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Ireland says election help available for counties

August 30, 2006|by DAVE McMILLION

CHARLES TOWN, W.Va. - The state's head of elections told Jefferson County officials Tuesday that help will be available to local election coordinators before the Nov. 7 general election to avoid some of the problems that cropped up during last May's primary election.

The May primary election was the first time the county used a new paper ballot system and new touch-screen voting machines.

The system involved the use of a new ballot counting machine, but officials had problems getting the machine to operate properly in the final hours before the May 9 primary.

With the machine posing problems, county officials thought they might have to count ballots by hand, although the situation was corrected by the time election night arrived.

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Secretary of State Betty Ireland told Jefferson County Commission members Tuesday that her office will be offering training on the new equipment to county election workers to help them prepare for the general election.

"That is not going to happen again," said Ireland, referring to the problems in May.

Ireland said the problems cropped up because there was not enough time to test the voting equipment.

"We know what the problems were," said Ireland, who appeared before commission members to answer any questions they might have had about the upcoming election.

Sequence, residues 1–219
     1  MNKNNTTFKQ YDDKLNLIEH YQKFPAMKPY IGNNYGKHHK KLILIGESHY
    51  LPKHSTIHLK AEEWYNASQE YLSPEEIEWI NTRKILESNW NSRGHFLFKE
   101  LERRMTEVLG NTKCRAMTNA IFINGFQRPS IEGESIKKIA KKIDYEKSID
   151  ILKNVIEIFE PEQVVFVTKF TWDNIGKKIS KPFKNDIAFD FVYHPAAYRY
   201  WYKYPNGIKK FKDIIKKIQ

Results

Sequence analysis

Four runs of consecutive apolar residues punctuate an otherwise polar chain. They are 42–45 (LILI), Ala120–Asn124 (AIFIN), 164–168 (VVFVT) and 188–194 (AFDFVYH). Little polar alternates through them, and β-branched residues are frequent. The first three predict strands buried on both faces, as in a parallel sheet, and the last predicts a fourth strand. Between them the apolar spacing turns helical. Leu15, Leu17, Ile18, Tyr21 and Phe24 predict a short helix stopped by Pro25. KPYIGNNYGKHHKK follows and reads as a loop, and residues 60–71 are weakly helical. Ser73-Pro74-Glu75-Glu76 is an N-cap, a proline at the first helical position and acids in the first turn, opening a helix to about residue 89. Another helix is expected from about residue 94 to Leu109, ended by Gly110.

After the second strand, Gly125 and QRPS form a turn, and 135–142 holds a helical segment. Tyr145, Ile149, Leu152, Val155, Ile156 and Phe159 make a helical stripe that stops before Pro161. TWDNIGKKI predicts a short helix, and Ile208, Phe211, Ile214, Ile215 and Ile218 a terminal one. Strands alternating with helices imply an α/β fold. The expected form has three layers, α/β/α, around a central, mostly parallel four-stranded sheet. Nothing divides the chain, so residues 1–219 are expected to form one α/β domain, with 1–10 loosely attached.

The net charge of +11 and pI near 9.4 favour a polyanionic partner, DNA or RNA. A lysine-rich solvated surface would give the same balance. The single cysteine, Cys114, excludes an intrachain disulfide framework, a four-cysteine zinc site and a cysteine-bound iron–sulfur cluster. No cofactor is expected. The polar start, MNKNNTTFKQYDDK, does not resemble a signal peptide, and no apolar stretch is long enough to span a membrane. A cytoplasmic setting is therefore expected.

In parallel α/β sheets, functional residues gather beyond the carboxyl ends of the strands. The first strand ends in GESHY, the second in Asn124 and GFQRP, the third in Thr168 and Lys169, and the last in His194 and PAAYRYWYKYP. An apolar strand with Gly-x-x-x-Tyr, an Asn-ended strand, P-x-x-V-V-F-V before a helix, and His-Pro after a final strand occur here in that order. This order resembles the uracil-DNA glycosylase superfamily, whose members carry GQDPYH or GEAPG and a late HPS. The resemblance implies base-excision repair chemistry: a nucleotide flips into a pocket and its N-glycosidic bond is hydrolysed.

Commission member Dale Manuel said a smooth-running election process is important to him because some of the local races in November could be close.

"I just want the integrity of the ballot to be there," Manuel said.

Election officials also had problems with voters improperly marking the new paper ballots.

With the new paper ballots, voters were instructed to fill in ovals beside candidates' names.

Despite instructions on the ballot about how to fill in the ovals, some voters made an "x" in the oval, checked it, or sometimes circled the candidate's name, said Jefferson County Clerk Jennifer Maghan, who oversees local elections.

When that occurred, voting officials had to re-create the ballot so it could be properly counted in the new machine, which slowed the counting process during the May primary.

Maghan said Tuesday there will be no efforts to beef up the instruction process for voters using paper ballots.

Besides instructions on the ballot, there are instructions in the precincts, Maghan said.

"The instructions are pretty much everywhere," Maghan said.

If voters have difficulty with the paper ballots, they should use the touch-screen voting machines, Maghan said.

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